Sermon on the Mount, words anything but ordinary

By Bishop Joseph R. Kopacz, D.D.
In the face of unrelenting violence in our world, in our nation and in our communities, our faith in the crucified and risen Lord offers another vision for living. During this stretch of time that we call Ordinary between the Christmas season and Ash Wednesday, we are blessed this year to hear the teachings of the Lord Jesus from the Sermon on the Mount (Matthew chapters 5-7), words that are anything but ordinary.

Rather, they provide a clear but demanding road to travel to embrace our identities as Christians, a way of life rooted in God storing up treasures in heaven. The following excerpts from the Sermon are a counterweight to the scourge of violence throughout our world with no one appearing to have a corner on the market with inhumanity.

A stained glass window at St. Gummarus Church in Lier, Belgium depicts the Sermon on the Mount. (Photo courtesy of BigStock)

“Blessed are the Peacemakers, for they shall be called children of God.”

“Blessed are the merciful, for mercy will be theirs.”

“Blessed are they who mourn, they will be comforted.”

“Blessed are those who hunger and thirst for righteousness, theirs is the Kingdom of Heaven.”

“You are the salt of the earth; you are the light of the world … and your light must shine before all so that they may see your good works and give praise to your Father in heaven.”

“You have in your Law that you shall not kill, and anyone who kills will be liable to judgment. But I say to you that anyone who is angry with his brother shall be liable to judgment. Therefore, when offering your gift at the altar, if you should remember that your brother has something against you, leave your gift at the altar and first go to be reconciled with your brother. Then return and offer your gift.”

“Love your enemies. You have heard that it was said: ‘You shall love your neighbor and hate your enemy. But I say to you: “Love your enemies and pray for those who persecute you. This will make you children of your Heavenly Father. For he causes his sun to rise on the just and the unjust, and his rain falls on both the righteous and the wicked. If you love only those who love you, what reward will you receive? And if you greet only your brethren, what about that is so extraordinary? Therefore, strive to be perfect, even as your Heavenly Father is perfect.”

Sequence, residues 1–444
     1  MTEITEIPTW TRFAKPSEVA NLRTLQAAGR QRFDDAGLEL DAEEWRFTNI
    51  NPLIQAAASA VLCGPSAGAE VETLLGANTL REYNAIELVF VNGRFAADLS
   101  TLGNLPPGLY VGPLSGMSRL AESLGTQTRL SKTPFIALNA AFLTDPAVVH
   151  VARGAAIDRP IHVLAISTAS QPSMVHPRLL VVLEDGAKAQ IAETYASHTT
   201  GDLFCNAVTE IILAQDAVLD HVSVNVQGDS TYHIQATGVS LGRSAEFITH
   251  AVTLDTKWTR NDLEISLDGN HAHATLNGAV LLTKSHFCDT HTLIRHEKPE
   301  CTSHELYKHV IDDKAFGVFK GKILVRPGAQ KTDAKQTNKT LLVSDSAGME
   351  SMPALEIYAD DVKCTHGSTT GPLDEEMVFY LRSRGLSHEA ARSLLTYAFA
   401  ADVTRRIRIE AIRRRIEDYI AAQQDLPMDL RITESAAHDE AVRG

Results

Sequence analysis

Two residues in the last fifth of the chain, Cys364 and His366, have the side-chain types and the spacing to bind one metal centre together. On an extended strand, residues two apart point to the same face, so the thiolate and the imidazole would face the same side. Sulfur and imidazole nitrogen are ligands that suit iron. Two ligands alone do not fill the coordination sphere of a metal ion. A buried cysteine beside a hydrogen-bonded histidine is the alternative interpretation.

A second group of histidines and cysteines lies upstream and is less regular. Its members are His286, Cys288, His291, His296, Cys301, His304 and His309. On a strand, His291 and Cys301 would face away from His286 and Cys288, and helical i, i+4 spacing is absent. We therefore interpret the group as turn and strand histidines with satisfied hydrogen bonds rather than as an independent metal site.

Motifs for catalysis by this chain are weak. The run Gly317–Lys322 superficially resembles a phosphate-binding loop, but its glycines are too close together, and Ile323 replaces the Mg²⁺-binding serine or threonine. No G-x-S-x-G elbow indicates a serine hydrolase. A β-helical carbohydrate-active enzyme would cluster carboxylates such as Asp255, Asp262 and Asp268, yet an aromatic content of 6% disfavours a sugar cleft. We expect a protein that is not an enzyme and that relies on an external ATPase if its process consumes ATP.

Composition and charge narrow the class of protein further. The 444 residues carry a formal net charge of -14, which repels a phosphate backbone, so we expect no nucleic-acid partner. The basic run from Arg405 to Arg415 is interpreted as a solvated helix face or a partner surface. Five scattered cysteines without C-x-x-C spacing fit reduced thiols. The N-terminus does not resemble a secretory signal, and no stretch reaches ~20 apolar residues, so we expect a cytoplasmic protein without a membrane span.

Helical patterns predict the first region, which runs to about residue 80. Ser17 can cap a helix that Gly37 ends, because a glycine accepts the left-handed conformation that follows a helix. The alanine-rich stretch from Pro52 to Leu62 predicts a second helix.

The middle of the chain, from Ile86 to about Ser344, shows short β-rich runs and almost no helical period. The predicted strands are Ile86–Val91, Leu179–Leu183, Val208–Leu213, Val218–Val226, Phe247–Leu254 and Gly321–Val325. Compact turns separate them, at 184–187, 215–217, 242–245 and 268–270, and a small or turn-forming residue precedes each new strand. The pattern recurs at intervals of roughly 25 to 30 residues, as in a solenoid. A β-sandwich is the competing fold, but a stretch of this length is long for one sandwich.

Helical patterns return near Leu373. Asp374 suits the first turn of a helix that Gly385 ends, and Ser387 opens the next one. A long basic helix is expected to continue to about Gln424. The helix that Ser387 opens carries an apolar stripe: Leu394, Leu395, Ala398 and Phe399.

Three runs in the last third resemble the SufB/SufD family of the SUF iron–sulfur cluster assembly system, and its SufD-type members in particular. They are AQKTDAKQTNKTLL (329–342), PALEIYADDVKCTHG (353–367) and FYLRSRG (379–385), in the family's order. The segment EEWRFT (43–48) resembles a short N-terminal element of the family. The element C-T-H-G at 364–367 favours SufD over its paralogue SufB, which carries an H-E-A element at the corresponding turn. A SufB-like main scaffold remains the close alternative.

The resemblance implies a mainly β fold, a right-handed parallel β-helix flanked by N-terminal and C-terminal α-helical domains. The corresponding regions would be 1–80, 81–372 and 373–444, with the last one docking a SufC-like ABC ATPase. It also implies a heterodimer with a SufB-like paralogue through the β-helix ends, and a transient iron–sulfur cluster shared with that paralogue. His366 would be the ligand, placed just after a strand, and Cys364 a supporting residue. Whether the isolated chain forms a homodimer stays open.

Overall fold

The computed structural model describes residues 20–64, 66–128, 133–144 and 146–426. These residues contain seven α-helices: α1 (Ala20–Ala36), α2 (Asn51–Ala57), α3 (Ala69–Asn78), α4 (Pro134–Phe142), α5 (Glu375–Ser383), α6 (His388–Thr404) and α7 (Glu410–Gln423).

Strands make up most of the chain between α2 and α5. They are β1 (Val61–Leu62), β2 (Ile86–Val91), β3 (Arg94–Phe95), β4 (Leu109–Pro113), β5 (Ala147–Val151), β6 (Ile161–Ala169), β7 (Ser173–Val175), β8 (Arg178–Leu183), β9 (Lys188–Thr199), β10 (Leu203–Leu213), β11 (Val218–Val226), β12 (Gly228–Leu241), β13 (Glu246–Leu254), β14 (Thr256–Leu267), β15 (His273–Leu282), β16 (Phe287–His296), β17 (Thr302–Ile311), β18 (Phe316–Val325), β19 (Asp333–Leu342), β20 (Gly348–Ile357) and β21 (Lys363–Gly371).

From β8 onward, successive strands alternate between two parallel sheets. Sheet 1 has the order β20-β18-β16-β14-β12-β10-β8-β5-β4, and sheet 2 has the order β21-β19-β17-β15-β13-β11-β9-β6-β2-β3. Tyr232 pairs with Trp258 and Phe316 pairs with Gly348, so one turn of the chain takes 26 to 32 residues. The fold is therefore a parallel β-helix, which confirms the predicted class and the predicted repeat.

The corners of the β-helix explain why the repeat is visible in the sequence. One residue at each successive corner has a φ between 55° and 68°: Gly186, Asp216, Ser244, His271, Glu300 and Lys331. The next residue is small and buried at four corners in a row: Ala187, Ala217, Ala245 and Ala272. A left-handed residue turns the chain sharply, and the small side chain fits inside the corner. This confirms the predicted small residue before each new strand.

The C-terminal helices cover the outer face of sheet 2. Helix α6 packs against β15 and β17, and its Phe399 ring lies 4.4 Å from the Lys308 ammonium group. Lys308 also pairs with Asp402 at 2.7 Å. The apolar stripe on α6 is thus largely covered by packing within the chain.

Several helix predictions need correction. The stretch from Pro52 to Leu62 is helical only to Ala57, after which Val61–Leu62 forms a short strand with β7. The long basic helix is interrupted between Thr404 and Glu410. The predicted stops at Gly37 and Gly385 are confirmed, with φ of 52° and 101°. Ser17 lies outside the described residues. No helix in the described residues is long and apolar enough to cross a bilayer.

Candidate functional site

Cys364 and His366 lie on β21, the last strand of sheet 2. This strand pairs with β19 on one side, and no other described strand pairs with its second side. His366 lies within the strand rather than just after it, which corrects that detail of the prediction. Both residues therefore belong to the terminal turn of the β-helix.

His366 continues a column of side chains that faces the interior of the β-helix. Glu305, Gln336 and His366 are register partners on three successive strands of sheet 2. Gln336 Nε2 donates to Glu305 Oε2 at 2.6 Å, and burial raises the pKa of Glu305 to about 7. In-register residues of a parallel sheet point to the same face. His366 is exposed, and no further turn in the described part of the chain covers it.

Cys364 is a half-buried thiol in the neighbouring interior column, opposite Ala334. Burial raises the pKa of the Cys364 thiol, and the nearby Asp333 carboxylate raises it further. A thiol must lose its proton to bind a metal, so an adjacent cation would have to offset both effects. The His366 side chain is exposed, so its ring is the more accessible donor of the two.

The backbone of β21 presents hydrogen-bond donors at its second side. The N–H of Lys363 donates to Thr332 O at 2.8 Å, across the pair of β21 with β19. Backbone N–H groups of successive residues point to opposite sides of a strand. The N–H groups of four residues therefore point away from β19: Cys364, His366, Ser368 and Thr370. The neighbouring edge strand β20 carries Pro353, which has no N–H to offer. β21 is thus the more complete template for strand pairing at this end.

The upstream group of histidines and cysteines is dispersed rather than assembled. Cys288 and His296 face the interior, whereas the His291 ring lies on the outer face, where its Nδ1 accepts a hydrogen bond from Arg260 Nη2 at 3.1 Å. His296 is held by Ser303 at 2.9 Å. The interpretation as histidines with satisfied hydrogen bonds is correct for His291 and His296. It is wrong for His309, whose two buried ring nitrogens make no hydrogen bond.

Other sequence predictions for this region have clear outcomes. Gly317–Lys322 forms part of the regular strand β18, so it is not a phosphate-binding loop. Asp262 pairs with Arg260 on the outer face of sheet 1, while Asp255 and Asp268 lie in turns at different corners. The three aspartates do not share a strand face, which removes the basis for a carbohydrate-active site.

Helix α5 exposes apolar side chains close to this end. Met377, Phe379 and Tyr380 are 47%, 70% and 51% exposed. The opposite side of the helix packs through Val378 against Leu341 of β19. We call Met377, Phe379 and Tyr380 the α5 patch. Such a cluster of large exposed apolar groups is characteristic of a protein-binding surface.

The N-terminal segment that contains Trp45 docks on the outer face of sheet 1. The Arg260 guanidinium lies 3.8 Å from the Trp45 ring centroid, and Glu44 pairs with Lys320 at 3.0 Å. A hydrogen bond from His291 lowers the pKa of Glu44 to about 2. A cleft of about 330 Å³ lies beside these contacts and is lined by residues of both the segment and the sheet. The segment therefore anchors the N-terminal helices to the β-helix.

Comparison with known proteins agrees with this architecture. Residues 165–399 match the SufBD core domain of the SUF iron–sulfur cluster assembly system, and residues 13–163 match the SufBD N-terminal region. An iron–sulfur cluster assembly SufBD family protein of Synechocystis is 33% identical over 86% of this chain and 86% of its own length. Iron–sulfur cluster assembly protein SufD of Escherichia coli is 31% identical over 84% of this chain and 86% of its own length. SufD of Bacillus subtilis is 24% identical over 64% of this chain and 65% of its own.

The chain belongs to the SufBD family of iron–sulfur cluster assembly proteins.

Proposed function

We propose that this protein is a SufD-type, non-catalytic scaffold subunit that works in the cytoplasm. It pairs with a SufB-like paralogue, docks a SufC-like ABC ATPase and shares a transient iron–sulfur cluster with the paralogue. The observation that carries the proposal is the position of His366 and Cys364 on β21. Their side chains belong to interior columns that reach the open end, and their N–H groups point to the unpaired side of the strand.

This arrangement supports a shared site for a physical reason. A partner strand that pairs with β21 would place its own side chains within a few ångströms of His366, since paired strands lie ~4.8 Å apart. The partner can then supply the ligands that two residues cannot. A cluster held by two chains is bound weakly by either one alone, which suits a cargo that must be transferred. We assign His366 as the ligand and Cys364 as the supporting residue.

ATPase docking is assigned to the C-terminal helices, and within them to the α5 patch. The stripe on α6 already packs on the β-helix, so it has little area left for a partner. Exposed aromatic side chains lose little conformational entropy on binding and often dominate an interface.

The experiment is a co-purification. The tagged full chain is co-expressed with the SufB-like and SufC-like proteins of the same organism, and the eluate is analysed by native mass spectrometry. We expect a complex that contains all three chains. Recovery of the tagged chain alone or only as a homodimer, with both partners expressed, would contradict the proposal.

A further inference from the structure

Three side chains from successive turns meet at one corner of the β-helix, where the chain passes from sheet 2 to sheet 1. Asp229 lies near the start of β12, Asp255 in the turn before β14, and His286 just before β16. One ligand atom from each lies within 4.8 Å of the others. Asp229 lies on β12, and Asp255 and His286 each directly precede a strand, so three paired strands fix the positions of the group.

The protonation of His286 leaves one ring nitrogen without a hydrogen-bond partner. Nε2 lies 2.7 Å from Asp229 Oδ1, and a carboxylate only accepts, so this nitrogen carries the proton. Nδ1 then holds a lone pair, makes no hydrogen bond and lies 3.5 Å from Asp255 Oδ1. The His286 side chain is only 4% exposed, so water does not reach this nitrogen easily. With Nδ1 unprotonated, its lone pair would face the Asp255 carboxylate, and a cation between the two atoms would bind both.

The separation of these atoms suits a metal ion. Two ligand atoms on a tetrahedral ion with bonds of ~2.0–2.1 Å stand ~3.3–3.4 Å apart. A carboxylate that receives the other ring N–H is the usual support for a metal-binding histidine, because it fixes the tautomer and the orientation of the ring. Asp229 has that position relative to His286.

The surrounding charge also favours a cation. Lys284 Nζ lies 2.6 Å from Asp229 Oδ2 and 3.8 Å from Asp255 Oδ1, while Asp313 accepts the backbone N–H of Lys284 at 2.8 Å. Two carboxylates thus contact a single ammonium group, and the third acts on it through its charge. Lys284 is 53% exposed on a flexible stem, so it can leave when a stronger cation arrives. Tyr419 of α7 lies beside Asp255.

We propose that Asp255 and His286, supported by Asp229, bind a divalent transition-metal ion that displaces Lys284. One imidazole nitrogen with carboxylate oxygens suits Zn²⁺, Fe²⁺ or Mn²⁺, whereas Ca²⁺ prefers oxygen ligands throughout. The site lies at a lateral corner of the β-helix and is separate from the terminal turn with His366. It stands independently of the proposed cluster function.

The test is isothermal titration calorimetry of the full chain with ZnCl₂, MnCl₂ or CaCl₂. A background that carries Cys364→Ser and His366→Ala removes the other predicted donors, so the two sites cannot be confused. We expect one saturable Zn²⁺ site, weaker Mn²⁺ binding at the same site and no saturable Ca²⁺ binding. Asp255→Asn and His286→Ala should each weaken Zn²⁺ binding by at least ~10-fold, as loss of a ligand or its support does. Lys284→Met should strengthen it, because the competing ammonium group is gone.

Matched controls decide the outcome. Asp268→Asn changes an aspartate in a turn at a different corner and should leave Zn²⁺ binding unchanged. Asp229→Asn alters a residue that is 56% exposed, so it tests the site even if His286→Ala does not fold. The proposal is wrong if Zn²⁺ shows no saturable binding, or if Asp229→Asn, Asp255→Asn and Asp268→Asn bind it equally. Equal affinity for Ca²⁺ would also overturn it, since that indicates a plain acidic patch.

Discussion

Some might respond to these Gospel imperatives, get real; this is not the way the world works. God might respond in turn; get real, my world is broken, and your way doesn’t appear to be working.

Blessed are the peacemakers. Pope Francis’ historic mission of peace last week to the Republic of the Congo, to the South Sudan and to other nations in Africa with the Archbishop of Canterbury, Justin Welby and Reverend Iain Greenshields, the moderator of the Presbyterian Church in Scotland is bringing the light of Gospel to these war weary and violence plagued countries. These ambassadors for Christ are pleading for peace, admonishing the political leaders over their failure to stabilize their countries, and in many cases, over their corrupt leadership.

On the other hand, Pope Francis spoke words of encouragement to the youth and young adults to break with the violence and to demand from their civic and religious leaders the paths of peace, stability and development. He also challenged the clergy, Catholic, Presbyterian and Anglican, to have a hunger for justice and peace and to not remain on the sidelines out of fear or hopelessness. It’s the Sermon on the Mount nearly two thousand years later.

We pray that the light of the Gospel of justice and peace can bring hope to the South Sudan, to the streets of America, to the cities of the Ukraine and to all who suffer from the oppression of violence in all forms. Like the Pope, the Archbishop and the Moderator, we pray for the desire to hunger and thirst for justice and peace so that our light may reflect the light, mind and heart of Jesus Christ. We are players and not bystanders who need to prevail in this struggle for humanity with far more at stake than who takes home the Super Bowl trophy.